Product launches fail at times, leaving startups perplexed, anguished, and whatnot. It’s easy to go gung ho about your next innovative idea, but it takes some serious reality check to come across its shortcomings. Raising right questions is very important in this regard.
Let’s understand this through an example.
Suppose a company is ideating on a product and it arranges some focus groups to understand users’ perceptions about its product. Let’s assume the product evokes positive perception, largely.
After a year, the product is launched, and it’s quite a disaster. Not even the people who were a part of the focus groups buy the product.
So can we say that people didn’t get to terms with the innovation or didn’t perceive the relevancy of the product or can there be any other reason?
The company approach towards the focus groups and the kind of questions it put across can be the reason for such surprising results.
It might have asked questions like, “Wouldn’t it be great if…..?”, or “Don’t you think…….is a big problem?”. Now just see the language used here. It reflects the company’s bias. They are looking for answers that they want to hear. Answers that reinforce their belief about the product.
Whenever you arrange a focus group to understand users’ perceptions, their natural inclination is to be nice, not honest.
Customers or focus groups often sense that bias and they say what you want them to say, even if they don’t believe in it. Such answers create a false sense of positivity. In other words, they create delusions.
And the end result is? You waste your resources, time, and opportunity to tap the market.
This is where open-ended questions come into play. As the name suggests, they open up a person and derive subjective responses that aren’t biased in nature.
Open-ended questions hit the pain points
Good questions are the ones that never give cues to customers. It’s about putting the ball in customers’ court and letting them play with it.
This is how open-ended questions work. If you rightly put them forward, people themselves will address their pain points, without any prompts or cues.
The idea behind open-ended questions is to not use direct language. Questions that start with phrases like “Are you”, “Will you”, “Didn’t you”, “Can’t you”, etc., will seldom be open-ended.
Also, it’s better not to show your biases by using phrases like “Do you agree that…”
On the other hand, if you ask questions that start with, “How”, “Why”, “Describe”, “What do you think about”, etc., will evoke more honest responses.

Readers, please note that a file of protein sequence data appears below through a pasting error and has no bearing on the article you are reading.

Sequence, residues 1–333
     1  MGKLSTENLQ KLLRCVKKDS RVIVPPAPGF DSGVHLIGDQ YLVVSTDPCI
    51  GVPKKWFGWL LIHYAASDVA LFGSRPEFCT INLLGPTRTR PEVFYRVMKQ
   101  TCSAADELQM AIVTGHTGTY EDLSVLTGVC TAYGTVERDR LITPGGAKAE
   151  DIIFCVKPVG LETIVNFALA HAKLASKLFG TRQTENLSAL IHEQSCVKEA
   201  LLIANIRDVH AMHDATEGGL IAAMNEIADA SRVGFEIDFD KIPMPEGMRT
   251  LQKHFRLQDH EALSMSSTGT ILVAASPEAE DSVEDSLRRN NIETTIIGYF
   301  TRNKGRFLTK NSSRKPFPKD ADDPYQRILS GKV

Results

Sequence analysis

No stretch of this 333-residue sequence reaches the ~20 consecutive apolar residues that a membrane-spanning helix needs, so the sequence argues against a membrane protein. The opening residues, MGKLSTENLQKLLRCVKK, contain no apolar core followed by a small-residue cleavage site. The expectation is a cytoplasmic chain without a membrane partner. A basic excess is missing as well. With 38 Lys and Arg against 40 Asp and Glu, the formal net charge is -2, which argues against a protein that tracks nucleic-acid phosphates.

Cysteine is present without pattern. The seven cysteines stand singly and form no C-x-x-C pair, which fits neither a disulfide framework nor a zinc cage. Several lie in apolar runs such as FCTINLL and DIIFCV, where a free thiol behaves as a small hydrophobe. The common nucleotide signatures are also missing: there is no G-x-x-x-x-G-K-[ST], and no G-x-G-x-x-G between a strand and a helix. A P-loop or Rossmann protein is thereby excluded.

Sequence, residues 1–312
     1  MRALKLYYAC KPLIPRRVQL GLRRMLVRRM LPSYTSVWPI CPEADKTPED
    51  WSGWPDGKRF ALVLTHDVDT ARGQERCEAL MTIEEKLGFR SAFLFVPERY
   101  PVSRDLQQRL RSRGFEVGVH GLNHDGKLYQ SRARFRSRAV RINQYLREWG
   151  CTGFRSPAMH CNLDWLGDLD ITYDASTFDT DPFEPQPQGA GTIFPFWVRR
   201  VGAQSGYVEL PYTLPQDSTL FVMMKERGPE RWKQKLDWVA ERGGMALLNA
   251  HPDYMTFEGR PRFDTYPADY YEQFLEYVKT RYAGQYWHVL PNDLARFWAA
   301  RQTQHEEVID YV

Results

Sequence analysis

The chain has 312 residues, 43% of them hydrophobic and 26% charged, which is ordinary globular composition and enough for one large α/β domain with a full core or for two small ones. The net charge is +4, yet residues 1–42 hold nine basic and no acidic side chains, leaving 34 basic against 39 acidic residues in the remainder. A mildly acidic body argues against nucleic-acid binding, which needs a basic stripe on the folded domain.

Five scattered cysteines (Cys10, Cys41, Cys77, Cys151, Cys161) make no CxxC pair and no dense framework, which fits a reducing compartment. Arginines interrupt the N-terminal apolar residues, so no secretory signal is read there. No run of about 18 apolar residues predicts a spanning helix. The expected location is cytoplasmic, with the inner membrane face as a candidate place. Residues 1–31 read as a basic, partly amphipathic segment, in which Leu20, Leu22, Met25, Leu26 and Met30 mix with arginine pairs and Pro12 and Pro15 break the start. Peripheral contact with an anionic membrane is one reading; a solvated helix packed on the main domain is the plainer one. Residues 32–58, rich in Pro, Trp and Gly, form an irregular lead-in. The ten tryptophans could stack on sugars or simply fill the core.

Open-ended questions bring comfort and show that you care
It’s common wisdom that trust evokes honesty. If they trust you, they will be honest in front of you.
“Good Cop Bad Cop” technique works on this principle only.
Nobody likes to be interrogated. Through your questions, people should sense concern and care. Open-ended questions create such an environment and bring the best out of people.
They kickstart conversations instead of interviews. And if you have the right body language, the results will be even better. Such questions give you space to react organically, like nodding your head. Therefore, the questioner comes across as someone who is receptive and eager to learn.
It’s better not to expect specific answers. Instead, look for pain points and build on it. Dig deeper to arrive at a meaningful end.
You can start your questions with:
“Tell me more about that.”
“What did you do to solve that problem?”
“What do you mean when you say…?”
Keeping things focused
The only concern with asking open-ended questions is that you might go off-topic.
For example, if your product is a CRM tool, then it’s better to ask questions like:
How do you keep in touch with potential and existing clients?
Which tools have you used till now?
Are you happy with the tools you have used till now? If not, then what are their shortcomings?
What do you expect when you think about a CRM tool?
If you want to show your unbiased approach, you can even ask about their previous clients. Questions like “How did you hear about your previous client?”, “What did you do after the first interaction?”, “How did you keep in touch?”, will project you as a secure company.
In the ideation phase, it’s important not to get carried away with your presumptions and enthusiasm. You must genuinely put your ideas under scrutiny, and open-ended questions have proven worth in this regard.
We hope this write-up will put you on the right track during the ideation phase. You can also refer to our guide on asking the right questions to customers. Do share your experiences with focused groups or the kind of questions you asked. We are all ears.